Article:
Saturday, 18 June 2016

The voice of silence

Green Bell, above Eden Valley.

1 Kings 19:11-12
He said, ‘Go out and stand on the mountain before the Lord, for the Lord is about to pass by.’ Now there was a great wind, so strong that it was splitting mountains and breaking rocks in pieces before the Lord, but the Lord was not in the wind; and after the wind an earthquake, but the Lord was not in the earthquake; and after the earthquake a fire, but the Lord was not in the fire; and after the fire a sound of sheer silence.

The spiritual journey downwards reveals God’s surprising word to us.

Let us go on a journey with Elijah the prophet.
It’s a journey every human being will need to make at some point or other.
It’s a journey that writer Richard Rohr calls ‘falling upward’, and it’s far from easy.
It’s a journey without geography, except the geography of the human soul, and it’s the most important journey we’ll ever make.

I don’t know if you’ve ever done something really heroic, and felt justifiably proud, only to come crashing down the other side?
On July 6 2005, Britain was riding high having just won the Olympic bid for London 2012 against stiff competition from Paris.
The great and glorious news was announced – Britain had won the Olympic bid.
Elated scenes in Trafalgar Square!
Cue cheering, screaming, hugging, jumping up and down.
Union Jack umbrellas, balloons and streamers.
Prime Minister Tony Blair, called it a ‘momentous day for Britain’.
We all felt wonderful; we felt proud; we felt elated.
Less than 24 hours later, London was plunged into terror and grief as we reeled from fatal attacks on the London Underground and bus that killed 52 innocent people.
A lot can happen in a day.

Elijah had reached perhaps the pinnacle of his spiritual achievements.
He had stood up to the threat from wicked King Ahab and his evil wife, Jezebel; he had proved with miraculous power even over weather, that the LORD was God, and not Ba’al.
He had been a faithful leader to Israel and zealous for Israel’s God.
But all it takes is 24 hours, a scary threat from Jezebel, and Elijah is on the journey down.
The great prophet of God, the confident man of faith turns on his heel and runs away.
‘He got up and fled for his life and came to Beer-sheba, and left his servant there (…) and went a day’s journey into the wilderness and sat down under a solitary broom tree.’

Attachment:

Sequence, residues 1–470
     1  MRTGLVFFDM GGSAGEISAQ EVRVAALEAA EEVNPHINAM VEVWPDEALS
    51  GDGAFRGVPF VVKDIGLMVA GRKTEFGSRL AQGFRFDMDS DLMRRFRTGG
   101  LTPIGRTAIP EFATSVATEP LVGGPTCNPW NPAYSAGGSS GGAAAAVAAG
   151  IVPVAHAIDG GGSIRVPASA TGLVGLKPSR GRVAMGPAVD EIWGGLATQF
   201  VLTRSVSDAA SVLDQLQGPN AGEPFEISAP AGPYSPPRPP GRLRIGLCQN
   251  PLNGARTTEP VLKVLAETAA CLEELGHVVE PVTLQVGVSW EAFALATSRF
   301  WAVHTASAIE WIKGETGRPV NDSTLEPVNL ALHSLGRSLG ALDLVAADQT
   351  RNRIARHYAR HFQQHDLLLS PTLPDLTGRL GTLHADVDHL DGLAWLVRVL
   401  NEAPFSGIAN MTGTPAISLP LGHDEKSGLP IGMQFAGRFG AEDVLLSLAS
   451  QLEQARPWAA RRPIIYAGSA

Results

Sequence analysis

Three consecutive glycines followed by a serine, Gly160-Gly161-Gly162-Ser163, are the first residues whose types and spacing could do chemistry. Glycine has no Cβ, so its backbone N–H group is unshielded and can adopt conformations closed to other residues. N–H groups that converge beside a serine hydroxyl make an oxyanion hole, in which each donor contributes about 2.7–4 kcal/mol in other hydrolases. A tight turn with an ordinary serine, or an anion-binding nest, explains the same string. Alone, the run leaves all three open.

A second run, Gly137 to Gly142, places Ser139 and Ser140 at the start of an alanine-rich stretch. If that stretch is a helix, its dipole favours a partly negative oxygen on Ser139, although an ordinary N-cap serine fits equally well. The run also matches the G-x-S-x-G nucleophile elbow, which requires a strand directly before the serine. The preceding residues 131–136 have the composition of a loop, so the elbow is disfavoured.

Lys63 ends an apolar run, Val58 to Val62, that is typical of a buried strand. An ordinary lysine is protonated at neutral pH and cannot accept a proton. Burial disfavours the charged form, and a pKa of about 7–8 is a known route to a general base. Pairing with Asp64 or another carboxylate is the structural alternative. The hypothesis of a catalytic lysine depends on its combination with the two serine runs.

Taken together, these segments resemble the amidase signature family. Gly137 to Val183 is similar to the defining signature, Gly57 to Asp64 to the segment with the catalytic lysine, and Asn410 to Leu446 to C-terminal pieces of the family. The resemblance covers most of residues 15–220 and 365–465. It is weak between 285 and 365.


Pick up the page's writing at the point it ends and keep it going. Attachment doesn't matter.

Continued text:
From hero to zero in three easy steps.
What has happened to Elijah the great prophet, the man full of righteous anger, the mighty instrument of God’s judgment?
He’s just discovered he’s human after all.
It seems to be our lot in life to have a trough after a peak.
To suffer gloom and boredom after joyful achievement.
Remember the disciples at the Transfiguration?
Coming off the mountaintop with the vision of Jesus fresh in our hearts, to the messy humanity at the bottom of the mountain– a child no one can heal?
Coming off the mountaintop always carries a strong health warning.
Bear Grylls, explorer and survival expert extraordinaire writes movingly of climbers he has known who have not survived Everest - the thing to note is that they nearly all died on the way down.
They conquered the summit, but lost it on the descent.
The descent in life is always a tough one.
The descent into mediocrity, the descent into losing capacity…

Elijah’s descent begins in fear and continues as he runs away from Mt. Carmel, scene of his spiritual triumph over the prophets of Ba’al, scene of his wonderful God-filled moment of victory.
After running, he is tired; he despairs and he falls asleep under a tree.
He is alone, he is depressed and he is exhausted.
Having experienced a spiritual peak on Mt Carmel, he is now on the way down, miles form everything familiar and in unchartered territory spiritually.
But unchartered territory spiritually is the best territory to be in for growth.
Perhaps even here we are learning (depending on how mature we are) that it is at our lowest, that God can be nearest.